As an emerging technology, MDOT originally estimated that ultra-thin asphalt overlays would provide a three- to five-year life extension, the same as other approved surface treatment options in Michigan. Due in part to the performance of this project, MDOT moved the medium-volume ultra-thin asphalt overlay treatment out of the emerging technology category to the approved pavement preservation category.
After 17 years in service, the U.S. 127 project in Roscommon County is performing much better than estimated, and still has significant service life left. With one surface ultra-thin asphalt overlay, the life of the pavement has been extended more than three times—the longest estimated extension of pavement life.
MDOT utilizes a pavement management system that measures and assigns a numerical value to pavement distress to come up with a Distress Index (DI). The range for DI is 0 to 50, 0 being distress-free (new pavement) and 50 being the end of life (major rehabilitation or reconstruction) for the pavement. MDOT collects DI data every two years for all its pavements (the latest data is from 2017).
In 2017, the U.S. 127 project’s DI was 3.6, which is very low even after 13 years of service.
Based on MDOT’s performance data, a typical asphalt pavement has a design life of 19 years without maintenance. When preventive maintenance is performed, it extends the pavement to a longer service life. Typically, MDOT models asphalt pavement with four preventive maintenance treatments, which extend the service life to 37 years. Jay Gailitis, MDOT’s Gaylord Transportation Service Center Manager, said, “The ultra-thin asphalt overlay placed on U.S. 127 is performing very well and has required only crack sealing as maintenance. The region was planning another round of surface seal preventive maintenance in 2022, but have pushed it back to 2023 due to the pavement’s low distress.”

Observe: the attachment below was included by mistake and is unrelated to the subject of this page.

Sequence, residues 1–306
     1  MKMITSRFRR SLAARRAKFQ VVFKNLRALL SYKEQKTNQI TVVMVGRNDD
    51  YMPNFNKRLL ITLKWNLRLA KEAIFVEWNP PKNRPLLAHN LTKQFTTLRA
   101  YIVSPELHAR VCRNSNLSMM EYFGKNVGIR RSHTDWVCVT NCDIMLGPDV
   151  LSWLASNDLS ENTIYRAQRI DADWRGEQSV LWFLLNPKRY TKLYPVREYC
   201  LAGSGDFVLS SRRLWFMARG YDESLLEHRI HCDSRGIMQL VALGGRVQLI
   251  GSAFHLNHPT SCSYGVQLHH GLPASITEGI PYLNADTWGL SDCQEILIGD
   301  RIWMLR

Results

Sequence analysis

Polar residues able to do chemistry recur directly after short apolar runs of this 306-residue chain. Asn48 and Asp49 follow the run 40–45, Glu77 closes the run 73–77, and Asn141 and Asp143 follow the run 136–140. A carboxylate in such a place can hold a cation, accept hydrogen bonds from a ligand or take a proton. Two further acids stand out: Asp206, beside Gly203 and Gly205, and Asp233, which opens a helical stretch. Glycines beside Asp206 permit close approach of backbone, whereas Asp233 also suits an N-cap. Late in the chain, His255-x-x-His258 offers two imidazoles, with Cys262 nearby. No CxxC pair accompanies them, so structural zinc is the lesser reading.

With how well this ultra-thin asphalt overlay has performed, MDOT will most likely be able to reach a pavement age of 37 years with only two maintenance treatments, significantly reducing maintenance costs and stretching agency budgets. In addition, the ride for drivers is superb. Bushong commented: “I am amazed how well this pavement has performed. It is truly remarkable that this has lasted 17 years and counting, with only a single crack treatment. I travel this route to work every day, and it is still one of the smoothest portions of my commute.”
While this ultra-thin overlay project greatly outperformed expectations, it is not alone. There are many other examples of projects showing similar extensions in service life and performance.
For preventive maintenance, the most important step is selecting the right fix at the right time. Even a good preservation treatment on a road in poor condition will fail. When performance-based data is used to manage the pavement maintenance cycles and the right treatment is placed on a pavement in good condition, with a good foundation, thinlays will significantly extend the life of a pavement. The U.S. 127 project was one such example: It had a good structure and very little distress, making it a perfect candidate.
Over the last 20 years, Michigan’s average cost per square yard of ultra-thin overlays has been similar to other surface sealing treatments. However, ultra-thin asphalt overlays also improve pavement smoothness and add structural value to a pavement, something the other surface sealing treatments cannot do. When placed on pavements in good condition, it is estimated that ultra-thin overlays extend a pavement’s life at least twofold over other pavement preservation options. Pavement owners can use the cost savings to stretch their budgets while improving other pavements within their transportation network.